Ian Munsick Talks Life on the Road, His Dream Show and More

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Ian Munsick is in the final stretch of his Long Live Cowgirls Tour that began on Jan. 20 at Gruene Hall in New Braunfels, Texas and will conclude with his first headlining show at Nashville’s Ryman Auditorium on May 16.

The tour was originally supposed to end in Atlanta on March 16, but additional dates in Iowa, Nebraska, Arizona, Montana and Colorado were added along with the Ryman show.

We talked to Munsick about what a typical concert day is like for him, how he decides what to play at each show and what life is like on the road.

On the day we spoke to Munsick, he had left from his previous show around 2 AM and slept on the bus, which he says is a great luxury to have rather than a van.

TCC: What is a typical show day like for you?

“So, today I woke up around 8 o’clock, get some coffee, do your thing and then usually I’ll have interviews, depending on where we are (Munsick also stopped by the Lucchesse store in the Fort Worth Stockyards that day). Then, we’ll head back to Billy Bob’s get some lunch and then after that is when we’ll usually start to load in all our geat, sound check, do all of that, which usually takes three hours-ish and then after that I usually have an hour to just hang out, be alone and then I do VIP (before the shows), which is meet and greet and acoustic stuff, then I have about an hour to eat and hang out and that’s about the time the opener will start.”

TCC: Do you watch the opener?

“I’ll always try to see how the crowd is, you know if they’re a rowdy crowd, if they’re an engaged crowd to just kind of see what kind of performance I need to to do.”

TCC: How does the set change based on the crowd?

“I’ll always have a good idea of the tunes and the order, but man, there’s times where it’s like, we’re playing at 3 o’clock, in the heat of the afternoon for half an hour, if that’s the case, you want to play more slow stuff because the crowd is probably out there hot. But at the same time, you only have a half an hour, so just hit ‘em with the bangers over and over. The crowd absolutely plays a huge role in how you play on stage, but at the end of the day, every single time, you have to give it 100, because that’s why they’re there and that’s why we’re there.”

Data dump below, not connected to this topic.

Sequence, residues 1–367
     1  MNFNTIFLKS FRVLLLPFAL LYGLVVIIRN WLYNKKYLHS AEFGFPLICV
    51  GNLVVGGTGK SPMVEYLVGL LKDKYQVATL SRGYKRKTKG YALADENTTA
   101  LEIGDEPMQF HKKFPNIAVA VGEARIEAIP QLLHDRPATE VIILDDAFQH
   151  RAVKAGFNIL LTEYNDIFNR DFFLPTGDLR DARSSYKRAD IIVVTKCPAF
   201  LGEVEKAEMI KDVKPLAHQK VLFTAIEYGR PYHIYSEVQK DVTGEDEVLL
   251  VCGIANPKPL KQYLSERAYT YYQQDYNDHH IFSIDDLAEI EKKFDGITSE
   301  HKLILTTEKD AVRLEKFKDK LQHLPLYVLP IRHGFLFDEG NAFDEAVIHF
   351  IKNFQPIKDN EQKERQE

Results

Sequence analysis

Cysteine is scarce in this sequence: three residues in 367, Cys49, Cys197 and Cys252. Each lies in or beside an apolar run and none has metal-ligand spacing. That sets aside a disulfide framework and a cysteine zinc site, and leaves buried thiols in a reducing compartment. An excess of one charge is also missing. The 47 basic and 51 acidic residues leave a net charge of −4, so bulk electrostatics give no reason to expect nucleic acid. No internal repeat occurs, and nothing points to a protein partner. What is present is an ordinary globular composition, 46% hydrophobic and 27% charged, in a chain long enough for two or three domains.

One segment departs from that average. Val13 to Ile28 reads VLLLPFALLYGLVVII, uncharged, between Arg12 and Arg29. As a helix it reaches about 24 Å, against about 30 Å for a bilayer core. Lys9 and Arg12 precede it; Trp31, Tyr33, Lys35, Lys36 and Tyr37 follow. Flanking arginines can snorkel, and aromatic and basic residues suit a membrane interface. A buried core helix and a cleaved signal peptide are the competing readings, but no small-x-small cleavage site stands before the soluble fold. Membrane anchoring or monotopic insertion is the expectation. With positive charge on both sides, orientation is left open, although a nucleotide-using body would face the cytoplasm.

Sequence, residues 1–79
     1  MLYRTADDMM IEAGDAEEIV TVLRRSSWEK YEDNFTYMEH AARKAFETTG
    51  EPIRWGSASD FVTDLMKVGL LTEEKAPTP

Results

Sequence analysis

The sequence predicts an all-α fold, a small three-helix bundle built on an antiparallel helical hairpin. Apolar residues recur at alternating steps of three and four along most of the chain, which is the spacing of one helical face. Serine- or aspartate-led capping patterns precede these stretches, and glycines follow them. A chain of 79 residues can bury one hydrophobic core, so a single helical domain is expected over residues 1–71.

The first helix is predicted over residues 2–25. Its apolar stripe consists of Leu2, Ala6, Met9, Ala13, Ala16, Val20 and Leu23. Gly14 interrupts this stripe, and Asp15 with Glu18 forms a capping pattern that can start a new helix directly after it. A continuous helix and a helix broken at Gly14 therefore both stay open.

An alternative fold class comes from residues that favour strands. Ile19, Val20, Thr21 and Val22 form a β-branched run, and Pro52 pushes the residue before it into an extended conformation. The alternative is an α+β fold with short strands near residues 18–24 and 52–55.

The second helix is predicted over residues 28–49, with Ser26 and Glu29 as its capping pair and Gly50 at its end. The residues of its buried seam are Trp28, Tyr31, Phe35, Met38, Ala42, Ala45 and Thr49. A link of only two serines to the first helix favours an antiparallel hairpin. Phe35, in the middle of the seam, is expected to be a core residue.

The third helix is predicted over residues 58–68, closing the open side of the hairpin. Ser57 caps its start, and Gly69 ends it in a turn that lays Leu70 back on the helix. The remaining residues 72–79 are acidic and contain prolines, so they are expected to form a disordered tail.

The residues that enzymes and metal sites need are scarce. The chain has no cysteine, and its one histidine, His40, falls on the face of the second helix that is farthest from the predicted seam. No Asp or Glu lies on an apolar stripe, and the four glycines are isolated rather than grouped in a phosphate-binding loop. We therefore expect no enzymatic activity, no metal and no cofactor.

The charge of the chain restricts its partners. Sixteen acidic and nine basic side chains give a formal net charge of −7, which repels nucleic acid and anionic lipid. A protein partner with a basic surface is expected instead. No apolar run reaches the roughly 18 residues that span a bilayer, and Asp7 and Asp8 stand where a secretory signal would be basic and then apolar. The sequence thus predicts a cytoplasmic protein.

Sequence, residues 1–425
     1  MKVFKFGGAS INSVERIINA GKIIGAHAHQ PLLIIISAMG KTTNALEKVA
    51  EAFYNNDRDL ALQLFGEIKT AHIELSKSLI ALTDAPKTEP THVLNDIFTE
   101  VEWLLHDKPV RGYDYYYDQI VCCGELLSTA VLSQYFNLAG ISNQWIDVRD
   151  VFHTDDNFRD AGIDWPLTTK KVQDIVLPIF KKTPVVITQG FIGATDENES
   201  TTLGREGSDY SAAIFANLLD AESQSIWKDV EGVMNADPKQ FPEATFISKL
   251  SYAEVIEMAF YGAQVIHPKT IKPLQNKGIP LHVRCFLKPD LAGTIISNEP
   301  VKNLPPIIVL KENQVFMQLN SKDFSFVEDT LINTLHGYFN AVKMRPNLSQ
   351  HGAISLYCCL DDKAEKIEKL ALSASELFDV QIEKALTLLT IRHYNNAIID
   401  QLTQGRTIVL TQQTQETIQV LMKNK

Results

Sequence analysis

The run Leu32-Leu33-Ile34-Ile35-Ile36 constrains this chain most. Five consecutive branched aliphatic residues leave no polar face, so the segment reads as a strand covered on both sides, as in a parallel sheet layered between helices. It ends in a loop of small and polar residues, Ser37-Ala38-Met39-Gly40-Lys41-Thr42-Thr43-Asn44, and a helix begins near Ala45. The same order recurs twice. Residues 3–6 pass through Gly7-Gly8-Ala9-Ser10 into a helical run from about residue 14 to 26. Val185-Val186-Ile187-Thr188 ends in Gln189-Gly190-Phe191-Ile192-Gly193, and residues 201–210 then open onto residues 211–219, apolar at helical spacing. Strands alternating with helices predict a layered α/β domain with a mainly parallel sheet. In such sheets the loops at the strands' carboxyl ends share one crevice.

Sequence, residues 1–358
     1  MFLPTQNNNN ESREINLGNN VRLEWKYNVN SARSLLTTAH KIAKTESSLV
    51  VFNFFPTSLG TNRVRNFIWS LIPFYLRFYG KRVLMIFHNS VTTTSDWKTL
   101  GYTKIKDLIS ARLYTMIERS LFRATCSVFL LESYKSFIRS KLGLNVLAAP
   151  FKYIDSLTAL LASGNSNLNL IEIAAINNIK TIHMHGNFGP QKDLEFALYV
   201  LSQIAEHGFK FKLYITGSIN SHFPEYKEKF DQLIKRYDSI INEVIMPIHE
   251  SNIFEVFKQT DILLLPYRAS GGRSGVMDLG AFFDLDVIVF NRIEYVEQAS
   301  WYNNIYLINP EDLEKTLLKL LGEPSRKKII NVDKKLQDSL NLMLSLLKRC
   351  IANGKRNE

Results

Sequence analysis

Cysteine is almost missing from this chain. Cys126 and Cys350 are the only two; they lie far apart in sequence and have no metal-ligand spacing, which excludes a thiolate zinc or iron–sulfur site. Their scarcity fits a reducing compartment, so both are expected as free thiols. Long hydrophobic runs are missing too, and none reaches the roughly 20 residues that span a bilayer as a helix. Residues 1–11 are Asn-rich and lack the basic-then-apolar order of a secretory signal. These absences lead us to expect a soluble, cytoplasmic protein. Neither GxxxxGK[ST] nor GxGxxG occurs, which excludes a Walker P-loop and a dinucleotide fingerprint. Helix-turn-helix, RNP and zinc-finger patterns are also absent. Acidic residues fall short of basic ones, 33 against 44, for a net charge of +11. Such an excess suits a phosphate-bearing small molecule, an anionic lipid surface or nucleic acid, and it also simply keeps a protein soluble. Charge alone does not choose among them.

TCC: Do you have any pre-show meals or superstitions?

“We’ll do a huddle with the band right before we go on stage and we’ll pray then we will throw up a random word, like last night it was ‘brussel sprouts.’ So, we’ll say ‘1-2-3, brussel sprouts!’ and that just kind of reminds us that we’re there to put light in other people and have a good time.”

TCC: Favorite part about being on the road?

“Getting to see the audience with my own eyes. You spend all of this time in a room writing and recording with one or two other people and then you get to go out and see how people are influenced by the thing you did in a room a year ago, a week ago, five years ago and that’s the most special part about it.”

TCC: Least favorite part?

“We’ve been so lucky with our tours that we’ve always had a bus out here that we can sleep on and have our own space, where as a lot of guys are traveling in a van. So, I really try and be thankful, because we are very blessed to be out here doing it. I don’t really know if I have a least favorite. Even if our bus breaks down on the road, knock on wood, we’re in a bus, so we’re all good.”

TCC: How do you stay sane on the road?

“The thing I try to do the most out here, which is kind of weird, is to sleep as much as I can. When I’m at home, I try to spend as much time with my 3-year-old as I can, so I wake up early with him every morning.”

TCC: What’s something that would surprise people about being a touring country musician

“I think a lot of people think that you roll in, you’re hanging out all day, you get on stage and you play for an hour or two, and then you roll out. It’s not that. You have to load in, do interviews, you have people you need to see and then you get on stage and then you’re out after that, but it is not just hanging out all day.”

TCC: What’s your dream show, who are you playing with and where?

“It would be Cheyenne Frontier Days, Cody Johnson and Chris LeDoux. That would be the pinnacle of my career.”